Back in the 1980s and 1990s, the Chalcedon Report (now named Faith for All of Life) aggregated specialty items under various headings where Dr. Rushdoony would contribute relevant insights. “Book Notices” are self-explanatory in this regard: here is where books that Dr. Rushdoony found of interest were discussed (and their content either recommended or condemned, as suited the situation). The “Medical Reports” and “Chalcedon Alerts” followed a similar protocol.
Items that didn’t fit any other category but still had value needed a proper home, so the umbrella heading of “Random Notes” was created to catch these otherwise orphaned items. Some were very short (a sentence or two), others could fill a few paragraphs. They represented Dr. Rushdoony’s considered musings on various topics that came to mind. They were his way of sharing things outside the traditional scope of the newsletter’s ongoing concerns.
As an experiment, we will try to revive this practice, but rather than generating one-off Facebook posts that dissipate shortly after publication, we’ll be hosting these thoughts at our website blog AND on Facebook. If interest in the first few posts warrant extension of this outreach (i.e., people find value in them), we will continue them. If, on the other hand, people see this revival of Random Notes as being more like the advent of a bunch of Random Nothingburgers, we’ll shelve this idea and move into more edifying directions (as Dr. Rushdoony’s famous essay on Titanism would require us to do).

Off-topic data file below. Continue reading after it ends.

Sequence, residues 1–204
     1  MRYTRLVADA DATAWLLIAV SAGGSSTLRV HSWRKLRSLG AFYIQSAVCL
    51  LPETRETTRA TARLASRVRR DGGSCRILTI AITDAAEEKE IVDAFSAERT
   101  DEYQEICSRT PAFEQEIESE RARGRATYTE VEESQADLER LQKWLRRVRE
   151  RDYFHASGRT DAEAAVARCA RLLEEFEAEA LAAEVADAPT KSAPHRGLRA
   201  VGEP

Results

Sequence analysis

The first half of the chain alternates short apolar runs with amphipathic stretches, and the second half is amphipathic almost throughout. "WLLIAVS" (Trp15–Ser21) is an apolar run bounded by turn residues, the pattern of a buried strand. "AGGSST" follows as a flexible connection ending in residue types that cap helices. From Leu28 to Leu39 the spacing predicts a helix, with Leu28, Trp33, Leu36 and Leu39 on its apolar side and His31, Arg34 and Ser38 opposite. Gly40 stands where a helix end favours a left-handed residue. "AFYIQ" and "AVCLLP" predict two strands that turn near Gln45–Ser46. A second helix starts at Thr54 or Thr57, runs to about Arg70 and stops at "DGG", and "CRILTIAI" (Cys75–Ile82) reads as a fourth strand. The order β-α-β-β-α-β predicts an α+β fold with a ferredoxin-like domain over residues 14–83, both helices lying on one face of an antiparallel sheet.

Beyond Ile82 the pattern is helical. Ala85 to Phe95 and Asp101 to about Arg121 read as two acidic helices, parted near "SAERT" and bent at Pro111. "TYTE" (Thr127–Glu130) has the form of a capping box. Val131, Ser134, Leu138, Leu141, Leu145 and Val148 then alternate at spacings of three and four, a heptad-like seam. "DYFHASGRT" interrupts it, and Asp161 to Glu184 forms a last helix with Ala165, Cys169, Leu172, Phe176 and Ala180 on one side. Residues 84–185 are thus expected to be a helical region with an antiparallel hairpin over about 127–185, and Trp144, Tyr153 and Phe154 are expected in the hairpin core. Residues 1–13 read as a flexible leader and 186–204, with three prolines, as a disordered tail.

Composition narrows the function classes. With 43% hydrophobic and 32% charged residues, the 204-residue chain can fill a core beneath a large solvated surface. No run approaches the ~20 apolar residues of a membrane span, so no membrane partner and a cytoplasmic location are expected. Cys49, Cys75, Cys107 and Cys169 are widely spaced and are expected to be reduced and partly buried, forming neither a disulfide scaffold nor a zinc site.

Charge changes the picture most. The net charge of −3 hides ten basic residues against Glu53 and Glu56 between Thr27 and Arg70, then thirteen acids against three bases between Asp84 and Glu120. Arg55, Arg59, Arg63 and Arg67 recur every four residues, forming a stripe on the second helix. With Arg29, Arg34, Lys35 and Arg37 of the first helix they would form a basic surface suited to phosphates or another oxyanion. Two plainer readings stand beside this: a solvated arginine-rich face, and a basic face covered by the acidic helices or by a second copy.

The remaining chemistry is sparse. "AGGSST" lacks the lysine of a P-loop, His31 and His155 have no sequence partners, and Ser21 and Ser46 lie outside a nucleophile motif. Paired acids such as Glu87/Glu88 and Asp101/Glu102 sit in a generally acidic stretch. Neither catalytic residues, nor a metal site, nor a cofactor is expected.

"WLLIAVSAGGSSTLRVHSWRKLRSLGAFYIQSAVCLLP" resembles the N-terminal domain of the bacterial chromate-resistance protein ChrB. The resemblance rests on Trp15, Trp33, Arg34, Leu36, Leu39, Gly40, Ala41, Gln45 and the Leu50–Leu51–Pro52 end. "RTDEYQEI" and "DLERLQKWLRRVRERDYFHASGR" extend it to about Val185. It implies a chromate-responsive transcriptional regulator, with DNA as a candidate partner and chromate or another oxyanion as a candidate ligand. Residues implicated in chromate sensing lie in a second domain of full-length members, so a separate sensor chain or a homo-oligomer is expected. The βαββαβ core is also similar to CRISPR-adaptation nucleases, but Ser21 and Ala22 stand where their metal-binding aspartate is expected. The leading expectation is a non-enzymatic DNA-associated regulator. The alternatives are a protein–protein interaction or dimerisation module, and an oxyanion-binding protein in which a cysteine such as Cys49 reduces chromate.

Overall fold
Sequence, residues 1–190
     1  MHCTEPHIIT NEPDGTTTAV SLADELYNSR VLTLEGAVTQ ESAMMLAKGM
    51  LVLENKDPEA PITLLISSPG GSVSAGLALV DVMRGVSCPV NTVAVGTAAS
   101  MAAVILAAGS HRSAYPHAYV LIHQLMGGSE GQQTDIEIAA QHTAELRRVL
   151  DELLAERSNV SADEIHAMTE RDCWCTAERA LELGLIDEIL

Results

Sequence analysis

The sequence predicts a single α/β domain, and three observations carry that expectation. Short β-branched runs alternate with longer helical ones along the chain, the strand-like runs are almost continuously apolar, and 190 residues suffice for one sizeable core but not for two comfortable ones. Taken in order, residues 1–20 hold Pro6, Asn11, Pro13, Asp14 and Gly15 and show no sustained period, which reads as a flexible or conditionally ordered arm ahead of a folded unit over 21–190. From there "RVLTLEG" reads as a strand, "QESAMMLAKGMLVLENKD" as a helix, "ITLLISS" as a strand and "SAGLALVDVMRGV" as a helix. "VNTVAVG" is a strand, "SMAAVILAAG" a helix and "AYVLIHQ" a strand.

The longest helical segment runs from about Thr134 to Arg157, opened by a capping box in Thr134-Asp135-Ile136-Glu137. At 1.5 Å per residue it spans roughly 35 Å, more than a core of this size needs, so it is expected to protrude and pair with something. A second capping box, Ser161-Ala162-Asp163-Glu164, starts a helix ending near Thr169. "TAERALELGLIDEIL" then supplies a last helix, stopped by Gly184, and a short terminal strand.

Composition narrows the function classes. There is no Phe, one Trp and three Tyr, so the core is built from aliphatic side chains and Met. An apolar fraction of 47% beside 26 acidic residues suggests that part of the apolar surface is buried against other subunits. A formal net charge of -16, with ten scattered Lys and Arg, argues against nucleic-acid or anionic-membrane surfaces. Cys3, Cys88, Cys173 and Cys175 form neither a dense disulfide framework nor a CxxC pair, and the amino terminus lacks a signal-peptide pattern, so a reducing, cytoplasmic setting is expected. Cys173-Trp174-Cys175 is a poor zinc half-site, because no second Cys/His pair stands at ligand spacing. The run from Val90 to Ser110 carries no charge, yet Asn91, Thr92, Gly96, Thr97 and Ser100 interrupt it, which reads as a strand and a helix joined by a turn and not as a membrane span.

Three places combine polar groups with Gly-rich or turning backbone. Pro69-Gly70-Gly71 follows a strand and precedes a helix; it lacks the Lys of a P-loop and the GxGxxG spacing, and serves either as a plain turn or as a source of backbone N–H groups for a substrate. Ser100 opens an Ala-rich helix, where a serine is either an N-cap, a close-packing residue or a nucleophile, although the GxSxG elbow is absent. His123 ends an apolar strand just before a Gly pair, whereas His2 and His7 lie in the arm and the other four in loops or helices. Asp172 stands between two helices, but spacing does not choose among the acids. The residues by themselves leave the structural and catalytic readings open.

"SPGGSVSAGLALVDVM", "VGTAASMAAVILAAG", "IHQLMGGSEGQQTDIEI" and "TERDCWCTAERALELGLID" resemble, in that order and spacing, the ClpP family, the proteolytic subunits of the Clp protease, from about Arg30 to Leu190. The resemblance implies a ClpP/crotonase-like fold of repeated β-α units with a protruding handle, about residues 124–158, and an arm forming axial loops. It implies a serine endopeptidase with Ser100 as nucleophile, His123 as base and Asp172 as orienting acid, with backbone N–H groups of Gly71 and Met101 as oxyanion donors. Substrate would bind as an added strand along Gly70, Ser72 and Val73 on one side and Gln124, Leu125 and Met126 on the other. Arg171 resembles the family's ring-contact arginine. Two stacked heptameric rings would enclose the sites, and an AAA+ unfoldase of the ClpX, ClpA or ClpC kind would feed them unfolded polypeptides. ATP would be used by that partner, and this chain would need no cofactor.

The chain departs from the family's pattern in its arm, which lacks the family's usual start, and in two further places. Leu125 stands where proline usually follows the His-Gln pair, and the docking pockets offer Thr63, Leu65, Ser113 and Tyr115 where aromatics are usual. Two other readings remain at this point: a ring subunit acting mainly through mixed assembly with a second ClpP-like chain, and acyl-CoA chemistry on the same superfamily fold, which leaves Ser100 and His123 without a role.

These notes are just that: notes, sometimes firmly established in Scripture, other times with a more speculative air (as is the case with today’s Random Note #1). Sometimes they’ll be original, and other times quite derivative (you can never exhaustively know every scholar who came before you). These notes are intended to incite discussion, provoke readers to think more deeply about the issues raised, and to increase appreciation for how “exceeding broad” the Law of God really is (Ps. 119:96). Merely because I find them interesting doesn’t mean anyone else does, but that’s what this experiment is intended to reveal! And so our experiment begins.
“SEVENTY TIMES SEVEN”
In Matthew 18:22-23, we read the following exchange between Peter and our Lord: "Jesus saith unto him, I say not unto thee, Until seven times: but, Until seventy times seven.”
Commentators have generally understood this “seventy times seven” assertion by Christ to essentially mean “indefinitely.” Few seek to find a meaning outside of the gospel text. In other words, few seek to apply the principle of “the analogy of Scripture” to this saying. In their view, this is simply an arbitrarily large number that Christ puts forward, and the story that follows it supposedly provides all the context necessary to understand it (viz., Matt. 18:23-35). From that discussion of “the kingdom of heaven” (which Matt. 18:23 asserts is what Christ is describing), we are usually told that God’s longsuffering is unlimited, and so should ours be unlimited. This thought is usually underscored by asserting that our personal debt (due to sin) is infinite, so our forgiveness must likewise be without limit.